The Suarez Bros. Circus, currently performing in Puerto Rico with seven miserable polar bears, has applied for authorization from the U.S. Fish & Wildlife Service (USFWS) to reexport the bears to the Caribbean island Saint Martin.
The Suarez Bros. Circus, currently performing in Puerto Rico with seven miserable polar bears, has applied for authorization from the U.S. Fish & Wildlife Service (USFWS) to reexport the bears to the Caribbean island Saint Martin (part of Netherlands Antilles). The plight of these polar bears has escalated to an issue of international public interest. In addition to animal protection organizations, the federal Marine Mammal Commission, the zoological community, numerous polar bear experts, and members of Congress have expressed serious concern for the welfare of these bears.
Polar bears are Arctic, marine mammals who normally roam vast distances in frigid climates. In the hands of a traveling tropical circus, these bears are subjected to relentless heat and humidity, confined to small, barren cages, and hit and whipped to make them perform confusing tricks. The polar bears cannot legally leave U.S. territory without authorization from the USFWS. Since the USFWS has been under a great deal of pressure for its failure to properly implement the Marine Mammal Protection Act, PETA fears that the agency may quietly expedite this process to avoid further controversy.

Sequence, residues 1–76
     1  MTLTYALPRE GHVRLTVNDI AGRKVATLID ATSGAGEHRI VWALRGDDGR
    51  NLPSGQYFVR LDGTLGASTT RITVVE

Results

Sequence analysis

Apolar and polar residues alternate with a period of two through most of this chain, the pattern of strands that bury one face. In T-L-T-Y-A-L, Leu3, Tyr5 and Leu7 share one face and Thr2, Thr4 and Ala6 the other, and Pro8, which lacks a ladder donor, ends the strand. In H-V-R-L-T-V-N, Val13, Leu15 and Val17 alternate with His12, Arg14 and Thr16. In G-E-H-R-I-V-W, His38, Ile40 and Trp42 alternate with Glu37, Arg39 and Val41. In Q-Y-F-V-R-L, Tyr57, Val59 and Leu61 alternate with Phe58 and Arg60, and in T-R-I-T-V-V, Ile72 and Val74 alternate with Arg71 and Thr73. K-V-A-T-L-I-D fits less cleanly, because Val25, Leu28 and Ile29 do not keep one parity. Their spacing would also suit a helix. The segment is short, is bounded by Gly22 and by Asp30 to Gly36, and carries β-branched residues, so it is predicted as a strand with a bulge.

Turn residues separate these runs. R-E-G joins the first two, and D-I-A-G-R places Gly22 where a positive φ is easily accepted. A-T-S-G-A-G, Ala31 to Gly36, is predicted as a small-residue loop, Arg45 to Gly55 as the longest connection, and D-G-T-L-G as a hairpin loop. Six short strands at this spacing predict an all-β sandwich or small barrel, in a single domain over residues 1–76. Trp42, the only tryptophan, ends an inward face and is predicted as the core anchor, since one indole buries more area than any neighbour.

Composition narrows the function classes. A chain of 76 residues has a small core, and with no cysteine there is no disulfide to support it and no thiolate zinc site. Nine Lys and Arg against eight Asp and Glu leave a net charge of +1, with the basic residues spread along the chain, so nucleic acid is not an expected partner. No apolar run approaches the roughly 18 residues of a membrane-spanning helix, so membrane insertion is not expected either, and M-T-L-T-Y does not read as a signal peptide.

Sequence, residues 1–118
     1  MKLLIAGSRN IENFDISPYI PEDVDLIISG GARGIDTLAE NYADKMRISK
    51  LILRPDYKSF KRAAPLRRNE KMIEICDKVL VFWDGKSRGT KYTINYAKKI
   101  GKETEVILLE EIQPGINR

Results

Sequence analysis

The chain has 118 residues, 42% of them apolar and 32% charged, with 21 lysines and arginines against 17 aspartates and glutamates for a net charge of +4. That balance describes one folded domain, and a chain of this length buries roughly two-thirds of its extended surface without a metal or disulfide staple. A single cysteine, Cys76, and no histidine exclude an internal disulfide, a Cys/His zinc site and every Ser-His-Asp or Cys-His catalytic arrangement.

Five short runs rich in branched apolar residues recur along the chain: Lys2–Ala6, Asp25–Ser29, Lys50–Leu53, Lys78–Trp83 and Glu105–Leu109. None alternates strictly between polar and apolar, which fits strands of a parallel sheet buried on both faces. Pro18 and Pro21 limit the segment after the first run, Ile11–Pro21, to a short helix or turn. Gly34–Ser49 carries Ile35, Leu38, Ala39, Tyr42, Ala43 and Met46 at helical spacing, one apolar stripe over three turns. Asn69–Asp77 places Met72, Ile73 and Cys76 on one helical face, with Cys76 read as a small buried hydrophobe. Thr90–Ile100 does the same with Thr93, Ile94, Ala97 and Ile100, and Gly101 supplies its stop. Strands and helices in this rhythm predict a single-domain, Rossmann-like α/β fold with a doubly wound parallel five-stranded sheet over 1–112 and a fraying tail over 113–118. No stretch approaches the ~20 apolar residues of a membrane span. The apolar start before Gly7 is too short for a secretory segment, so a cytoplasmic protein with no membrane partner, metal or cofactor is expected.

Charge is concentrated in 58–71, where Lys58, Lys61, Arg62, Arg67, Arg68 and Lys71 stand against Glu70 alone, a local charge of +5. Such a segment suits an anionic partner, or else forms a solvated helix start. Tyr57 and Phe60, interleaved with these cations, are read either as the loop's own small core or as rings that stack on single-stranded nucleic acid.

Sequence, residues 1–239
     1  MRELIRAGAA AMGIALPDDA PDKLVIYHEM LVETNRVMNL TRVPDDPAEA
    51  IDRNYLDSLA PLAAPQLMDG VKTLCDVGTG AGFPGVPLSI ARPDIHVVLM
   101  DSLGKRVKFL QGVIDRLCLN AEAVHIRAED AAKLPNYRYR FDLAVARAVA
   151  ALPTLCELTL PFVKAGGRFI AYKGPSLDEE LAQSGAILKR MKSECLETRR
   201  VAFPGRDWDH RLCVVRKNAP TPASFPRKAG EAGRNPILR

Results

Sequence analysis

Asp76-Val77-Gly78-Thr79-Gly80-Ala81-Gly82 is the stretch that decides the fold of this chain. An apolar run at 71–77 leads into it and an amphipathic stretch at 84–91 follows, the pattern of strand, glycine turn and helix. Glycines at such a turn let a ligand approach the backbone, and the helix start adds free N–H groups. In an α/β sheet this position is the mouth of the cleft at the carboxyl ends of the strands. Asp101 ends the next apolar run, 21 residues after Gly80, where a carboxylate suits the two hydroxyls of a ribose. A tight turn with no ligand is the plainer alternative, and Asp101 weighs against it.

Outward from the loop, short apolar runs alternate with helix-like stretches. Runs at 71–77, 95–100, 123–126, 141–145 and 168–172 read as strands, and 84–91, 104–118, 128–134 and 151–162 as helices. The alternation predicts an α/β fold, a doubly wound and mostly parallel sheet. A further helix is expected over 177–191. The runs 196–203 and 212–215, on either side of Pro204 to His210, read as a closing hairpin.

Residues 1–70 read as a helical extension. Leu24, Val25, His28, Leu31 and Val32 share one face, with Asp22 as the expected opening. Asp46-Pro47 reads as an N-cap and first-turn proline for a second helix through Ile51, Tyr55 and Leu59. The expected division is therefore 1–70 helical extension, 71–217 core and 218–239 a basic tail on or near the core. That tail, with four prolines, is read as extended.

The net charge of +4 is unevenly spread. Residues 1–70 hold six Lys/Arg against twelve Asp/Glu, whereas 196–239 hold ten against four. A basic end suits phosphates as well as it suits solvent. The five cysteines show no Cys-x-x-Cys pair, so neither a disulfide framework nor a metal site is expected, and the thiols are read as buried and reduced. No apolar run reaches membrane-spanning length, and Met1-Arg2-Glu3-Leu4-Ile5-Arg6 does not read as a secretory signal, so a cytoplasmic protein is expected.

Sign this petition and demand that the agency refuse to authorize reexport of the polar bears. The USFWS has multiple reasons to deny the permit application: The Suarez Bros. Circus has apparently supplied a fraudulent CITES permit for at least one polar bear, the circus has never complied with the educational component that is required by federal law, the circus is facing cruelty charges brought by local authorities, the circus’s next destination is another tropical country with an unsuitable climate for polar bears, and numerous polar bear experts believe that these polar bears are being treated inhumanely and will suffer a great deal more if they leave U.S. jurisdiction.
The question is not, can they reason? Nor, can they talk? But can they suffer? -Jeremy Bentham